COVID-19

Farmgirl Flowers CEO on how the PPP “failed” businesses like hers

Kai Ryssdal and Maria Hollenhorst Apr 27, 2020
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Farmgirl Flowers CEO Christina Stembel at one of the company's California distribution centers. Courtesy of Farmgirl Flowers
COVID-19

Farmgirl Flowers CEO on how the PPP “failed” businesses like hers

Kai Ryssdal and Maria Hollenhorst Apr 27, 2020
Farmgirl Flowers CEO Christina Stembel at one of the company's California distribution centers. Courtesy of Farmgirl Flowers
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Amid public outcry and urging by the Small Business Administration, some companies that received funding in the first round of Paycheck Protection Program loans — including Shake Shack, Ruth’s Chris Steak House and Potbelly Sandwich Shop — have agreed to return the money. 

Meanwhile, a lot of smaller companies who missed out on loans in the first round are still seeking aid. 

Christina Stembel is CEO and founder of a direct-to-consumer flower company called Farmgirl Flowers. She told “Marketplace” host Kai Ryssdal that the Paycheck Protection Program “failed” companies like hers by not preventing companies that had other sources of funding from getting loans. 

“I think it’s failing all the way around,” she said. Not only did the government fail to prevent companies who may not have needed it from getting loans, “it also was a failing on the part of CEOs that didn’t have enough integrity to know that this was not set up for them,” she said.

Stembel told Ryssdal that Farmgirl Flowers only had eight weeks of runway when San Francisco (where the company fulfills 85% to 90% of its orders) issued a shelter-in-place order.

“With only 12 hours to shut down a whole facility, you know, we had to throw out $150,000 worth of flowers, we had to furlough almost 200 people, and then I had to figure out very quickly how to pivot,” she said. 

For Stembel, that’s meant scrambling to open new distribution and fulfillment centers outside of San Francisco to keep the company operating ahead of its most important holiday of the year — Mother’s Day.

“This holiday gets us through the very slow summer months,” she said. “Especially since we didn’t get the PPP loan, we don’t have any safety net whatsoever.”

In a video message posted to the company’s YouTube and Instagram accounts, Stembel detailed why bootstrapped e-commerce businesses like hers often don’t have close relationships with banks. That may have made it harder for them to get a PPP loan initially as banks prioritized current customers.  

If Farmgirl Flowers does not get funding from the Small Business Administration, Stembel told Ryssdal she’s hoping she’ll be creative enough to find another way through. 

But like so many businesses, her company’s success and survival also depends on the health of the broader economy.

“I’m probably on my 18th pivot by now,” she said. “But, you know, I don’t know what type of recession we may be going into, and there’s so much out of my control that I can’t plan for because I don’t know what it is.”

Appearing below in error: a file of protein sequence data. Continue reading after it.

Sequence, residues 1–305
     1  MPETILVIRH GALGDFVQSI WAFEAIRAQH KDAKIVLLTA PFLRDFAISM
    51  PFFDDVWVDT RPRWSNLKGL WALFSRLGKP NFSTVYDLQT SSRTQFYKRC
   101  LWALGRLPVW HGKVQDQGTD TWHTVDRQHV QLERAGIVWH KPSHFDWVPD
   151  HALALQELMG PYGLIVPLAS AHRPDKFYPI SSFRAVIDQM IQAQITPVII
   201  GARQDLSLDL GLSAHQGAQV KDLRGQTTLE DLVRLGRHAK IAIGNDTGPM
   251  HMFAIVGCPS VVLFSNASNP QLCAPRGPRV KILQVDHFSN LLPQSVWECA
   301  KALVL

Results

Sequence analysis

Click the audio player above to hear the interview. 

COVID-19 Economy FAQs

How many people are flying? Has traveled picked up?

Flying is starting to recover to levels the airline industry hasn’t seen in months. The Transportation Security Administration announced on Oct. 19 that it’s screened more than 1 million passengers on a single day — its highest number since March 17. The TSA also screened more than 6 million passengers last week, its highest weekly volume since the start of the COVID-19 pandemic. While travel is improving, the TSA announcement comes amid warnings that the U.S. is in the third wave of the coronavirus. There are now more than 8 million cases in the country, with more than 219,000 deaths.

How are Americans feeling about their finances?

Nearly half of all Americans would have trouble paying for an unexpected $250 bill and a third of Americans have less income than before the pandemic, according to the latest results of our Marketplace-Edison Poll. Also, 6 in 10 Americans think that race has at least some impact on an individual’s long-term financial situation, but Black respondents are much more likely to think that race has a big impact on a person’s long-term financial situation than white or Hispanic/Latinx respondents.

Find the rest of the poll results here, which cover how Americans have been faring financially about six months into the pandemic, race and equity within the workplace and some of the key issues Trump and Biden supporters are concerned about.

What’s going to happen to retailers, especially with the holiday shopping season approaching?

A report out recently from the accounting consultancy BDO USA said 29 big retailers filed for bankruptcy protection through August. And if bankruptcies continue at that pace, the number could rival the bankruptcies of 2010, after the Great Recession. For retailers, the last three months of this year will be even more critical than usual for their survival as they look for some hope around the holidays.

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